After the joy of watching them become smitten with each other, it's agony to watch them feel the pain of realizing the intractability of their situation. He's married with one child in school and another one on the way. His marriage might not be great, but it's not bad. And he's got huge responsibilities to his children. What a dilemma.
This was a lovely film that dealt with choices and how sometimes the very act of choosing causes pain no matter which choice one makes. The two lead actors, Vincent Lindon (Jean) and Sandrine Kiberlain (Veronique) gave us characters who conveyed their feelings with few words. There were silences that in another context might have been uncomfortable, but here felt completely natural because of the emotional presence of these two fine actors. The pace is slow, and does seem to drag at times, but the lovely scenery and the moral dilemma faced by these star-crossed lovers helps to assuage the languor one feels at times. Aure Atika plays Jean's wife (Anne-Marie), and her eyes tell us that she knows something is not quite right, but in true European fashion, rather than confront, she waits patiently for Jean to sort out his feelings. This is not a simple story. This seems like real people dealing with real moral choices and one feels that strong bonds are being tested. Those bonds that survive may thereby be stronger for the testing.More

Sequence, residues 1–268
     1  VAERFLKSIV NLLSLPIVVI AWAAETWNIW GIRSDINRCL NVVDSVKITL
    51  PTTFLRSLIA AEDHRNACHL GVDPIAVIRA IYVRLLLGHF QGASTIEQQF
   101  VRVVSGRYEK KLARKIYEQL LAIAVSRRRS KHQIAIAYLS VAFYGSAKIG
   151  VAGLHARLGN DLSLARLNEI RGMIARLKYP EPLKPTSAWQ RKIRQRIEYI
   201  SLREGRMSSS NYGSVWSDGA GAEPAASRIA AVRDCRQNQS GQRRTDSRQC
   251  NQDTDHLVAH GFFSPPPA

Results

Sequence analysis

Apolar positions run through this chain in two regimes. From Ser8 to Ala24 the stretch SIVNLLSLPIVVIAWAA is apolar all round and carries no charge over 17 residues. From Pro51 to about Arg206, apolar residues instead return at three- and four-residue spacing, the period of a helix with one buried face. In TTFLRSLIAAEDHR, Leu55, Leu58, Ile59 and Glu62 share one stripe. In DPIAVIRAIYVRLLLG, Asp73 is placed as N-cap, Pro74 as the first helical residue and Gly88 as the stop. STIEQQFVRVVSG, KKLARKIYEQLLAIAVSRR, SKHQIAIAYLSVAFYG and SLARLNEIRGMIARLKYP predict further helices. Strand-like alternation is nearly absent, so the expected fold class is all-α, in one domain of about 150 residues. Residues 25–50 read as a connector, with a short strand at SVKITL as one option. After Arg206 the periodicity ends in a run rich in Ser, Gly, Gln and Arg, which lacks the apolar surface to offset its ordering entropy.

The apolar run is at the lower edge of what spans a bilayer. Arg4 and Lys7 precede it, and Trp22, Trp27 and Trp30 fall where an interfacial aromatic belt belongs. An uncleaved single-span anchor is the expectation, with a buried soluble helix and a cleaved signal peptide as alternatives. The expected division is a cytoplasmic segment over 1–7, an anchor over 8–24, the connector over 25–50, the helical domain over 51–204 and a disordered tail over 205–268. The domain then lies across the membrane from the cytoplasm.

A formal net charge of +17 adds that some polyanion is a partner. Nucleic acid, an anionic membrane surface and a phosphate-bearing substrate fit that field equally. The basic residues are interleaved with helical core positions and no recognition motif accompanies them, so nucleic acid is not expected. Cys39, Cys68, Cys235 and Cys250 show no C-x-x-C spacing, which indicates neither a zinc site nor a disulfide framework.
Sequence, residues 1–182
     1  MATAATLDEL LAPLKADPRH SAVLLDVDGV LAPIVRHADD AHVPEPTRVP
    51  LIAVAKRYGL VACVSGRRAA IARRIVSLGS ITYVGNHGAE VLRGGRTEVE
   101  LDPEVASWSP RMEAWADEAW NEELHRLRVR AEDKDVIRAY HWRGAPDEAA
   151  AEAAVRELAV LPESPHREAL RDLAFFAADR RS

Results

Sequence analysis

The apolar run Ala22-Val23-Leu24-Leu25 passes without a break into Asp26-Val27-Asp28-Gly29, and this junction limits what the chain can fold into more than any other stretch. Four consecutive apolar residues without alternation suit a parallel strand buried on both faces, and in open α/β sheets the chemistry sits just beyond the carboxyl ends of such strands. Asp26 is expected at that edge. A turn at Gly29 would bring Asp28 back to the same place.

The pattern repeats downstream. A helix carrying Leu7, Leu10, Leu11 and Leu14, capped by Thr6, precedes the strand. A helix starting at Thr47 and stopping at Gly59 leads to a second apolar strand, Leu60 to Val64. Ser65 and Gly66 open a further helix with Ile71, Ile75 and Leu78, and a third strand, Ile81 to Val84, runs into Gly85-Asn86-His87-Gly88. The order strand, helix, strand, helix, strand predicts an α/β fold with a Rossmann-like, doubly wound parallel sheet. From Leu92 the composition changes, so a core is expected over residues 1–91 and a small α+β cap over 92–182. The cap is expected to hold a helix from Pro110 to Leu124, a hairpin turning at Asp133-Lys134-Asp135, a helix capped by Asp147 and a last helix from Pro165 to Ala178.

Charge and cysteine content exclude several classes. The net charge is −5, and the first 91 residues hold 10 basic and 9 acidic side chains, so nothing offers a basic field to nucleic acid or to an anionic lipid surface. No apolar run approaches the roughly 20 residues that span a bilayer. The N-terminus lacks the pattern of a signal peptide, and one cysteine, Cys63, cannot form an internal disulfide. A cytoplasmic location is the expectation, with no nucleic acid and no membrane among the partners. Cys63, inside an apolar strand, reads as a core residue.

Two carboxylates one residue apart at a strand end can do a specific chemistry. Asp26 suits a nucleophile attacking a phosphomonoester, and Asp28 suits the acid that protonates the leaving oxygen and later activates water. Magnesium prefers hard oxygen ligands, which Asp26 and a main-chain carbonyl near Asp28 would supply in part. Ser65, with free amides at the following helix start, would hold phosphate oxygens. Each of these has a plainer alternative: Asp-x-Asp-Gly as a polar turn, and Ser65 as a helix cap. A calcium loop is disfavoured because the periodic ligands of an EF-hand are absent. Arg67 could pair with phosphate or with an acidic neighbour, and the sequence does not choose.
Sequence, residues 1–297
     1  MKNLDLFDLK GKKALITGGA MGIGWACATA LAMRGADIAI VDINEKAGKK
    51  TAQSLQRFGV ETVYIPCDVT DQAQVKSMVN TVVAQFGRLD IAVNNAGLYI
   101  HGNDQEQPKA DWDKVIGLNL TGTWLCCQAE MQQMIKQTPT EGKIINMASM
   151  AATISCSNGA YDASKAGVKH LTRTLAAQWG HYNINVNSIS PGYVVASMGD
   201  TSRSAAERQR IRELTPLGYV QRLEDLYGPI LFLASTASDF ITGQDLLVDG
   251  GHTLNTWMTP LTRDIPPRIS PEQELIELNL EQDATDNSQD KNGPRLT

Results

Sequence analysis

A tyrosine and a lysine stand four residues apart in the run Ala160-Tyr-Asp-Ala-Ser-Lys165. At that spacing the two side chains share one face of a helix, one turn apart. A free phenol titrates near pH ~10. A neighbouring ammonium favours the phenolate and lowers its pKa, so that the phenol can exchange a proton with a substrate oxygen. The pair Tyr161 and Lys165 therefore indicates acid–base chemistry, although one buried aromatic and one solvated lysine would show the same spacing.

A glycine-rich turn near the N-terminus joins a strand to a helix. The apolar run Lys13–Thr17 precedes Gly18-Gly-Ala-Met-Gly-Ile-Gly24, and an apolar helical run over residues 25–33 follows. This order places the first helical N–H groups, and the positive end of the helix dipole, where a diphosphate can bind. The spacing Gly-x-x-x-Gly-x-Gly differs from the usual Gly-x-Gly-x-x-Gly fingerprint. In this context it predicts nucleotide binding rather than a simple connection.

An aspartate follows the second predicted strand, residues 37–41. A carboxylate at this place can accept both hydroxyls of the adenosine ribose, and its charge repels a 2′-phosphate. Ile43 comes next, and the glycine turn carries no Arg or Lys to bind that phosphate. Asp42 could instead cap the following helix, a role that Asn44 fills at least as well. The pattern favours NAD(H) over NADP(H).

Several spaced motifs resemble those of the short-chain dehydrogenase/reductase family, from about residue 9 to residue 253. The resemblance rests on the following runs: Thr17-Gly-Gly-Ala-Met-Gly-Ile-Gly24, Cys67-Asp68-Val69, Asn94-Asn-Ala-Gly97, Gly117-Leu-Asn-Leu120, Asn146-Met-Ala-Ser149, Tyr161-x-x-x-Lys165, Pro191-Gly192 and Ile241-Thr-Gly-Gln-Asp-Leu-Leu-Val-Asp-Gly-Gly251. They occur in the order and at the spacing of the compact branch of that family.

In "Mademoiselle Chambon," Jean(Vincent Lindon) is a construction worker in a small town in France. When his wife Anne-Marie(Aure Atika) injures her back at work, he steps up to the plate, picking up their son Jeremy(Arthur Le Houerou) at school where he meets his teacher Veronique(Sandrine Kiberlain). She invites him to talk about his job in front of the class which turns out well and then asks him to fix the window in her apartment.
"Mademoiselle Chambon" is a very lovely and sublime movie that handles the central relationship in a very natural way. Both characters carefully follow the small town rules for etiquette, being careful in each awkward step. All along the way, emotions are not so much articulated as expressed. And that's very believable for two people who have had their ambitions thwarted through life. On the surface, Jean might seem to be living a very happy life with a good job and loving family. However, he followed his father(Jean-Marc Thibault), who at 80 he takes care of with all of his sisters living elsewhere, into the family business without thinking about doing anything else with his life. Veronique awakens long dormant feelings of dissatisfaction in him. Her first passion is playing the violin which at some point she was either told that she was not quite good enough or could never make enough money at, so lacking encouragement, she fell back on the life of being an itinerant teacher. This is something that she is quite good at but there is also something missing from her life.